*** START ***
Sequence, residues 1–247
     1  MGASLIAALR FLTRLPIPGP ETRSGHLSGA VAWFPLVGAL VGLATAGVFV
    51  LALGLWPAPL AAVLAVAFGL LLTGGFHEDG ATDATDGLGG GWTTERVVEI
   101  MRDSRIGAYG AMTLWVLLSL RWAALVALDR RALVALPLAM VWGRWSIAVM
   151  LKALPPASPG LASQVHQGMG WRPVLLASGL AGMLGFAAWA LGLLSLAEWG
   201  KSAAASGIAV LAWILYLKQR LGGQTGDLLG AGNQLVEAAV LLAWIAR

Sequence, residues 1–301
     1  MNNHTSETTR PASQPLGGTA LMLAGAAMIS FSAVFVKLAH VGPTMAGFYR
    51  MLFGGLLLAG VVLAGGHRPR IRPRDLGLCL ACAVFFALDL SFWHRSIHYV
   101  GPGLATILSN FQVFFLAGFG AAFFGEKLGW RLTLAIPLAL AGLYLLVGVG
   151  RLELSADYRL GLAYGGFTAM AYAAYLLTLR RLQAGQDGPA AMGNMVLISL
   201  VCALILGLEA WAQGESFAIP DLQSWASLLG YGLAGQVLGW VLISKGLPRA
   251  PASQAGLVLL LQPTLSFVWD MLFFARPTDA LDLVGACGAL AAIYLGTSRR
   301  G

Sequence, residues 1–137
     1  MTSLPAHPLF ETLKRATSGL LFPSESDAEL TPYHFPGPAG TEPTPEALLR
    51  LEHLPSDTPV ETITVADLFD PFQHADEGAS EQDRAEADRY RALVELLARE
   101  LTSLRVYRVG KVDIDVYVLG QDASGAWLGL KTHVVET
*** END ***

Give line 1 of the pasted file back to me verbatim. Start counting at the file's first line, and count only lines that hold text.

Sequence, residues 1–247